The gap between yields on shorter- and longer-term Treasury yields narrowed Wednesday after new data showed consumer prices accelerated slightly in August.
The yield on the benchmark 10-year Treasury note, which helps set borrowing costs on everything from corporate debt to mortgages, recently traded at 1.556%, according to Tradeweb. That is down from 1.579% at Tuesday’s close. The yield on the 30-year Treasury bond fell to a recent 2.051%, down from 2.106% Tuesday.
Yields on longer-term Treasurys, which rise when bond prices fall, retraced an initial climb and headed lower after Labor Department data showed the U.S. consumer-price index rose 0.4% on a seasonally-adjusted basis in September, up from 0.3% in August. Economists surveyed by The Wall Street Journal expected 0.3%.
Yields on shorter-term Treasurys, which are especially sensitive to changes in monetary policy, climbed after the report. The yield on the two-year Treasury recently traded at 0.362%, up from 0.348% Tuesday. That is on pace to close at the highest level since late March 2020.
The narrowing gap between shorter- and longer-term yields suggests investors expect the Fed may increase rates faster than they previously anticipated, which could slow growth further out in the future. Central bank officials have said much of the recent pick up in inflation is temporary and expect it to moderate in the years ahead, particularly as supply-chain bottlenecks ease.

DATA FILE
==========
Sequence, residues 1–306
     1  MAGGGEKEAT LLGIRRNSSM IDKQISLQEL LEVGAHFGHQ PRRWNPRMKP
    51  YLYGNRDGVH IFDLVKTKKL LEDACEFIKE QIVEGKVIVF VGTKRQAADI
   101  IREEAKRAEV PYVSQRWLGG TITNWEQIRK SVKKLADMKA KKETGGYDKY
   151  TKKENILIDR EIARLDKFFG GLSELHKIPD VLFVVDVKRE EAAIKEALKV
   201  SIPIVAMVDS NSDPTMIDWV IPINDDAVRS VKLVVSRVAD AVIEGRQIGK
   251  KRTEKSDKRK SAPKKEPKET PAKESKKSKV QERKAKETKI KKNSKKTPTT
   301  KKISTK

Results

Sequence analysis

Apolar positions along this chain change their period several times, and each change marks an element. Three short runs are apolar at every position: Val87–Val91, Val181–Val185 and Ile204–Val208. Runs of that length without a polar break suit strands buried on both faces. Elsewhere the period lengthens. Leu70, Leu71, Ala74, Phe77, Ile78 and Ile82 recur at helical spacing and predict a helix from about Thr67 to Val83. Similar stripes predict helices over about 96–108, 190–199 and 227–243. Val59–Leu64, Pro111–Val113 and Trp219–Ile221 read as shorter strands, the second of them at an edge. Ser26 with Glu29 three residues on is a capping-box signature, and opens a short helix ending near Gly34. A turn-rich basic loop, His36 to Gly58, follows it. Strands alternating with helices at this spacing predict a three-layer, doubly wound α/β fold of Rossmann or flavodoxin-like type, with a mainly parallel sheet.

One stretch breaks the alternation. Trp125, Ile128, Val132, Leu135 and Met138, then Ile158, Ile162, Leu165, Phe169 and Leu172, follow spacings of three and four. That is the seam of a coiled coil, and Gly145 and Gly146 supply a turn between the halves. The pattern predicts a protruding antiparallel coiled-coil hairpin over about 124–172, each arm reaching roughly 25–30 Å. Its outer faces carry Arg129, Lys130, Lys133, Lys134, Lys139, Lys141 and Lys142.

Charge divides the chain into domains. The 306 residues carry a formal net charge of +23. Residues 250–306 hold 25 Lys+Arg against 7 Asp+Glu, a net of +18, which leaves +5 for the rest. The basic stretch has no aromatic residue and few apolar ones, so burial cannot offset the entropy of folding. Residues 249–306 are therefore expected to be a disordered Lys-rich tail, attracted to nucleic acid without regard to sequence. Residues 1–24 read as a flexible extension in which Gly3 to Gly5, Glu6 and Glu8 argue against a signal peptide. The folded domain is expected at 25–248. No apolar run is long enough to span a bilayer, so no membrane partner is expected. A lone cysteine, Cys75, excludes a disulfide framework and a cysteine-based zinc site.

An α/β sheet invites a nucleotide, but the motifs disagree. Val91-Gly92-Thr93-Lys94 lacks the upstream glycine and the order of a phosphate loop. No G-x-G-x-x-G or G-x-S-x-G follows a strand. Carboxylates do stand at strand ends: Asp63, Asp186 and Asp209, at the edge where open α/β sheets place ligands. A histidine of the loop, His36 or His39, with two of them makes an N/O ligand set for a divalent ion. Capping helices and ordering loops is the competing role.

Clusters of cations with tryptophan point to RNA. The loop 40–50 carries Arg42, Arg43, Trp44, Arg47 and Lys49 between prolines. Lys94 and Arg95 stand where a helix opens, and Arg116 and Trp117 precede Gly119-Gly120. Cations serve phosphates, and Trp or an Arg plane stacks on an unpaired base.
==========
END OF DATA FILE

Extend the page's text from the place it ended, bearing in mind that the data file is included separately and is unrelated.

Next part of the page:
“There’s a lot more sensitivity to inflation data now,” said
senior U.S. rates strategist at TD Securities. “The market is becoming more and more concerned that we are getting an inflationary shock.”
A recent wave of bond selling has brought U.S. Treasury yields closer to their March highs, vindicating forecasters who argued this summer’s rally would fade in the face of higher inflation and tighter monetary policy. Analysts and investors say Treasury yields can keep rising from current levels, with some expecting the 10-year yield to finish this year at 2%.
Deutsche Bank analysts now expect the Fed to start raising short-term interest rates in December 2022 instead of the third quarter of 2023, in part due to rising inflation expectations, according to a report Wednesday. The bank predicts the central bank will maintain a gradual pace and the federal-funds rate will reach 1.9% by the end of 2024.
Mr. Goldberg and his team don’t think the Fed will hike rates earlier than expected to squash supply-chain driven inflation and is recommending clients purchase nominal five-year Treasurys, which are sensitive to changes in monetary policy.
“The market is becoming concerned the Fed is going to blink pre-emptively on inflation,” he said. “We don’t think they’ll hike pre-emptively, so we’re pushing back against market pricing.”
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Inflation Data Pushes Treasury Yields Closer Together Source link Inflation Data Pushes Treasury Yields Closer Together